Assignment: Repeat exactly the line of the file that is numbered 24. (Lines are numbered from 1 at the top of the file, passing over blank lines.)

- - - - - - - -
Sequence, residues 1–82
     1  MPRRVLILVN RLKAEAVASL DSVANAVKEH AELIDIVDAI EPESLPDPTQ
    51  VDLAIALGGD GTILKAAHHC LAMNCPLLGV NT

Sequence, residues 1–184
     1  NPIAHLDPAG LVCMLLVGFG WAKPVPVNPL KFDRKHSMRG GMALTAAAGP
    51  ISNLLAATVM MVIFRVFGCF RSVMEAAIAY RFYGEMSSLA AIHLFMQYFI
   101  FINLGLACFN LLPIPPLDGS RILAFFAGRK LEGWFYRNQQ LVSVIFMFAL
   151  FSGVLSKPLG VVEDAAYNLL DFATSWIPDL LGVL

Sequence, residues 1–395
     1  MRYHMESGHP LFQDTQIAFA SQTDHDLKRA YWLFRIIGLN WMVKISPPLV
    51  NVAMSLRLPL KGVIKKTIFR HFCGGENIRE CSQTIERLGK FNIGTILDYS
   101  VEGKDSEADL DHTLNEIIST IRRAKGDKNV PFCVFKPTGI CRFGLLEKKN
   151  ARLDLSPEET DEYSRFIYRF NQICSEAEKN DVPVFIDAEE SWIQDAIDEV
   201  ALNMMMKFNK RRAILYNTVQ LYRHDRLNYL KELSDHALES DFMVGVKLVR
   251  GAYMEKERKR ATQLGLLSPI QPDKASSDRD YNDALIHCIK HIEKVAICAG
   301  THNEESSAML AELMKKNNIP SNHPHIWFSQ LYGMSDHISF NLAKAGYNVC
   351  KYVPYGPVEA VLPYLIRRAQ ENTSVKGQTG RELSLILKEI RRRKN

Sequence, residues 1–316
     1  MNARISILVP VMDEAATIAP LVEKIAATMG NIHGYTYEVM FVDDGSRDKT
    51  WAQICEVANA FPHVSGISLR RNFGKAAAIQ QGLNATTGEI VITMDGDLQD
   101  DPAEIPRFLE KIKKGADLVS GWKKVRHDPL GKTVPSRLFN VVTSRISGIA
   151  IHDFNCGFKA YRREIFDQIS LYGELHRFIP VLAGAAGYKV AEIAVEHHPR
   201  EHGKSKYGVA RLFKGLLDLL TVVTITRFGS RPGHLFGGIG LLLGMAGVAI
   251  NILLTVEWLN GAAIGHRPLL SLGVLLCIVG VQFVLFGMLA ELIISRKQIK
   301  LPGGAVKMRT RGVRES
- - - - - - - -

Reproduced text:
   251  NILLTVEWLN GAAIGHRPLL SLGVLLCIVG VQFVLFGMLA ELIISRKQIK